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Watch your backs, everyone: I haven’t slept for three years

The menopause has turned me into a major risk to public health and safety

18 July 2015

9:00 AM

18 July 2015

9:00 AM

Insomnia has a lot to answer for. I have not been sleeping well for years but a few months ago I stopped sleeping at all. By that I don’t mean I sleep a little bit. I mean I sleep never. And since I stopped sleeping, I have been teetering on a knife-edge. It is, I can reveal, barely possible to behave in accordance with the law if you have had no sleep for a significant time. I suspect a large proportion of the prison population just needed a sleeping pill to make them into responsible citizens.

As for women’s prisons, they must be jam-packed with menopausal desperados needing HRT whose GPs wouldn’t stop their night sweats because of a sadistic NHS directive saying that since HRT is linked with an infinitesimally small risk of cancer, doctors should not prescribe it without sending you to an HRT clinic, the waiting list for which is six months.

My doctor has been telling me about this for years. Every time I go in and say, ‘Help me! Please! Give me the patches!’ she reassures me that being menopausal is preferable to getting cancer. And would I like an appointment at the clinic, to assess my options, in six months’ time? ‘Options? Options?’ I gasp. ‘I’m in no fit state to assess my options! I’m probably going to be dead in a ditch in six months’ time!’ And I walk out of the surgery, determined to go private. Then I become indignant about all the tax I’ve paid, and resolve to power on without medication, with dubious results.

The other day, you may remember, I ‘mislaid’ my car key at the stable yard after ‘taking it’ to the car and ‘losing it’ in the boot. Three hours later, with every item in the Volvo laid out on the grass verge as in a crime scene, and at least one of the back seats broken after I’d torn them all off their hinges to search between the gaps, I discovered that I had left the key in a drawer in a storeroom.

You would think that was bad enough. But sadly there is a second instalment to this sorry tale involving what happened when I got in the Volvo and started it up, which I must tell you now.

Muttering prayers of thanks to Saint Anthony and Saint Jude, I looked in my rear-view mirror and saw only a large, dark-coloured barn door, and so I reversed. At the exact moment I reversed, about 17 thoughts came into my head — all of them pointless, as usual — and I didn’t hear the parking sensors, if indeed they even went off.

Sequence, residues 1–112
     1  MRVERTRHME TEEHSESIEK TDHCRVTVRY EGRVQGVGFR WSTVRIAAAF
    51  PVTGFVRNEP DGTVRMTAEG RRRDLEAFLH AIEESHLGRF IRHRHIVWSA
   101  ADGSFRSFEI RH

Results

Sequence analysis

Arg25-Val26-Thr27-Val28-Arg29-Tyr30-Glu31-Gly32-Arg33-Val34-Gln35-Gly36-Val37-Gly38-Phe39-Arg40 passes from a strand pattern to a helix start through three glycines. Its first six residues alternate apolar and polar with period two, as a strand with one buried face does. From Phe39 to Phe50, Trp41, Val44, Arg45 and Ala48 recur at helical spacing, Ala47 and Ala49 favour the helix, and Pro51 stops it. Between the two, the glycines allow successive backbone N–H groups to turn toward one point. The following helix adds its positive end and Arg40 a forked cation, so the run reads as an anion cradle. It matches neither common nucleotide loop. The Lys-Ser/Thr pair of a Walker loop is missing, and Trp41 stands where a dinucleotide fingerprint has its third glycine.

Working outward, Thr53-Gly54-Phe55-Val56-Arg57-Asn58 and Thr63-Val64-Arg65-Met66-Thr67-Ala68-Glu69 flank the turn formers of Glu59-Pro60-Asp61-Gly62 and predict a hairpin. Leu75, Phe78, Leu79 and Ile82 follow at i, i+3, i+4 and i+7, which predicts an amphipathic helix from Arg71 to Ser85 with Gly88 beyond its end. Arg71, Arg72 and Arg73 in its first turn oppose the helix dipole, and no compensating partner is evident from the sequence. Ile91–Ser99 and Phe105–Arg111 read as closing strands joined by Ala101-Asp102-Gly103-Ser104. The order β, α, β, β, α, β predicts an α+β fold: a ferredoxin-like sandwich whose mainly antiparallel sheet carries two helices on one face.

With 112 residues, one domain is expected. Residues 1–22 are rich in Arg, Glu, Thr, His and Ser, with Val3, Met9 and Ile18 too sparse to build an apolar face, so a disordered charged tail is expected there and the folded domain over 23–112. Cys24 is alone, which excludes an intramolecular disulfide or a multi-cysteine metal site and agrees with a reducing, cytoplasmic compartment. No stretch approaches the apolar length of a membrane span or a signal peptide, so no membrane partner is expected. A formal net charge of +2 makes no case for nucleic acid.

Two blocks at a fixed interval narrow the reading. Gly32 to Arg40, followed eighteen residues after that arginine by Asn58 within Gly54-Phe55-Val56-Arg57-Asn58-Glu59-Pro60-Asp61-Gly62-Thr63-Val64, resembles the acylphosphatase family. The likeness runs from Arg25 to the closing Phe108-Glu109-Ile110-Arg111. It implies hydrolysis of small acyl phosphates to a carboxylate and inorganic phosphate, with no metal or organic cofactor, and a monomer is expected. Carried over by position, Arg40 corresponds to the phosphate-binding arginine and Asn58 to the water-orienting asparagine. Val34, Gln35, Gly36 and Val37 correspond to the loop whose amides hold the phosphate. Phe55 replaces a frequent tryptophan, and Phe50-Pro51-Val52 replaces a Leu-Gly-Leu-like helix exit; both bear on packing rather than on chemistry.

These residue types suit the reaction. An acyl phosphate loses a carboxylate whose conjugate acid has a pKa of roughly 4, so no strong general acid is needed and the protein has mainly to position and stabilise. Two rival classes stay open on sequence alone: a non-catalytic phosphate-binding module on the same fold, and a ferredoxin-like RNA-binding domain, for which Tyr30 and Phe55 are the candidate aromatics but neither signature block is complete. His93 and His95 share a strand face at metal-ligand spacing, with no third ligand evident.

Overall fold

I think they might not have gone off actually, because they’ve got dust on them and I was meaning to clean them only, of course, I forgot. So the first thing I heard was a bang. And a crunch. And I leapt out to find that I had reversed the great hulking Volvo into the tiny Ford Fiesta of another girl at the stable yard — a girl who had been helping me look for my car key for three hours.

The front wing of her car was hopelessly crumpled. I howled and she came running. I gushed apologies and she smiled grimly. What could she say? She had already had ample demonstration that she was sharing a stable yard with a lunatic.

Here is my theory, for what it is worth. If you are a well-balanced person before you embark on the change of life you will probably make it through without crumpling too many Ford Fiestas. If you are in any way eccentric, creative, artistic, highly strung — whatever you want to call it — then the menopause will in all likelihood turn you into a major risk to public health and safety.

And so I stood there, hair on end, apologising for smashing to pieces the car of someone who had just helped me look for the means to do this for three hours, and who was now surely wishing she had dug the key into a deep hole.

‘It’s all right,’ she said, heroically. Still, I felt some kind of explanation was in order. ‘I haven’t slept for three years,’ I said. ‘Well, I slept a bit for two and a half years but in the past few months the hot sweats have been so bad…’

She grimaced as if to say, ‘Please don’t tell me your problems, my car’s a write-off, that’s enough for me to deal with.’

A few days later, I sat in front of the GP and laid my position squarely on the line.

‘Don’t be fobbing me off with any clinic,’ I said. ‘I’m a danger to the public.’

He tapped away at his computer and a prescription shot out of the printer.

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